Social Security Benefits 101
If you're approaching retirement, you've likely spent some time comparing your retirement savings to how much you'll need to maintain your desired lifestyle. The result could leave you either confident or concerned. In either case, many Americans look forward to supplementing their retirement income with Social Security retirement benefits.
Here's what you should know as you consider how Social Security funds might factor into your retirement planning.
Q. When can you apply for retirement benefits?
A. You can apply for benefits before you're eligible to receive them. If you're at least 61 years and 9 months of age, you can apply for benefits online, by phone at 1-800-772-1213, or by visiting your local U.S. Social Security Administration (SSA) office. While you can apply for retirement benefits before age 62, you aren't eligible to receive those benefits until you reach age 62.
Q. How are your benefits calculated?
A. The SSA uses your lifetime earnings to help determine your retirement benefits. Adjustments are made to ensure your benefit is based on the 35 years you earned the most money. Basic benefit amounts are also a result of a formula associated with your full retirement age, which depends on your birth year. Your estimated benefit amount may change if:
- You receive benefits sooner
- You delay receiving benefits
- You receive a retirement or disability pension from an employer
- You're a government worker with a pension
Q. What is full retirement age?
A. Full retirement age is the age at which you are no longer subject to a reduced retirement benefit. If you start receiving benefits at age 62, you could miss out on as much as 30% of your benefits. But if you wait until your full retirement age, you'll receive your full benefit amount. Use SSA's Retirement Age Calculator to determine your full retirement age. As you'll see in the next question, waiting until age 70 to receive benefits can have a positive impact on your retirement income.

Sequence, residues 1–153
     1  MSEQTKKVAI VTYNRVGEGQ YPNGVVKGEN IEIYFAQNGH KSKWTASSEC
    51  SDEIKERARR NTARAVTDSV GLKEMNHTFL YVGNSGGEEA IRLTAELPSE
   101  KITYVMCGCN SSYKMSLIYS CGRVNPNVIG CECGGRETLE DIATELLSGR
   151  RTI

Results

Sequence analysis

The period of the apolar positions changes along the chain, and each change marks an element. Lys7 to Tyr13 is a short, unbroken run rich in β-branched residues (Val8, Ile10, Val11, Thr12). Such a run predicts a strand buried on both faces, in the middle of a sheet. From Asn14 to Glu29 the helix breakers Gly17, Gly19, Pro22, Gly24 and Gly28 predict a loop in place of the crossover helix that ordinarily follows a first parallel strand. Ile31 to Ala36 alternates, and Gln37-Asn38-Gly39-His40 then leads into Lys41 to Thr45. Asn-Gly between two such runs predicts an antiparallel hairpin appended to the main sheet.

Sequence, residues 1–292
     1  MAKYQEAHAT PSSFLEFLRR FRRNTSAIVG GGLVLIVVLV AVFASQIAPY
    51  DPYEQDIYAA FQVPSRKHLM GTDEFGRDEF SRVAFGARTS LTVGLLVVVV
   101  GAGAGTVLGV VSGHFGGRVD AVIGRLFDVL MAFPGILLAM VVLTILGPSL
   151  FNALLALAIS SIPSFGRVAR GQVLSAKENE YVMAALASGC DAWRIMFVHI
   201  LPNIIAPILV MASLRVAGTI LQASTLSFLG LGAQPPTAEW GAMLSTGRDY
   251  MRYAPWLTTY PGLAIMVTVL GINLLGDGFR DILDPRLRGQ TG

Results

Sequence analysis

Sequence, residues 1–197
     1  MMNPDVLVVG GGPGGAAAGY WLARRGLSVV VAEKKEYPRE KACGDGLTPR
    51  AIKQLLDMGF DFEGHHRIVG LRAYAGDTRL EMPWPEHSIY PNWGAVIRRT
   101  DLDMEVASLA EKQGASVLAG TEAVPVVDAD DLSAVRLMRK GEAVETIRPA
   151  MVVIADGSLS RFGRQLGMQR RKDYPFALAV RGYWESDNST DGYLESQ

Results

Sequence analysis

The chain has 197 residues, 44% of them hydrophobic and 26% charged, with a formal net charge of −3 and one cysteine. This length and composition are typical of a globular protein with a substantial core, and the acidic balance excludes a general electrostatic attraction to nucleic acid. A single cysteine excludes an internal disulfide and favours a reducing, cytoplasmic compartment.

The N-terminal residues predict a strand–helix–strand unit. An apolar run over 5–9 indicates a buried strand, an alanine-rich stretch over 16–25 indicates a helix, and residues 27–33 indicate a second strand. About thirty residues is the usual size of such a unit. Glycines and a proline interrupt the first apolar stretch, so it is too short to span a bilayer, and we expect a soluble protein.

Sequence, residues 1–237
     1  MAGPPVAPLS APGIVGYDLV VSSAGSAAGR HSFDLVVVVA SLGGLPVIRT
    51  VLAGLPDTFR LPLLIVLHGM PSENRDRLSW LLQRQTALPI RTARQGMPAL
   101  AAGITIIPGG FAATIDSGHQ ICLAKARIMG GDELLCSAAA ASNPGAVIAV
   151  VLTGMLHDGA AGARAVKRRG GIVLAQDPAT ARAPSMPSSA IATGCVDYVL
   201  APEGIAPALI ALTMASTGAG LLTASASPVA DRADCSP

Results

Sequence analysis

Q. How much money will you receive in Social Security retirement benefits?
A. The age at which you begin receiving benefits and your lifetime earnings will directly influence how much money you receive each month. It's possible to increase your expected benefit amount by waiting several years to apply for benefits. The longer you wait to retire, the higher your potential benefit amount.
2021 Maximum Social Security Benefits by Age
- (Early Retirement) Retire at Age 62 - $2,324
- Full Retirement Age - $3,148
- (Late Retirement) Retire at Age 70 - $3,895
Q. How can you learn more about your individual Social Security retirement benefits?
A. You can create a free Social Security account at the SSA website to estimate your future benefits. Since the information will be personalized using your Social Security Number and other factors, it should provide the best estimate for future Social Security benefits. To gain a rough estimate, or if you don't have time to set up an account today, you can use one of SSA's Benefit Calculators to estimate your benefits.
Planning for a comfortable retirement requires an understanding of how timing your exit from the workforce can affect your nest egg. Schedule your no-cost, no-obligation consultation with a trusted LPL Financial Advisor. They can help put together a customized plan to meet your retirement goals.
Article by: Tracy Scott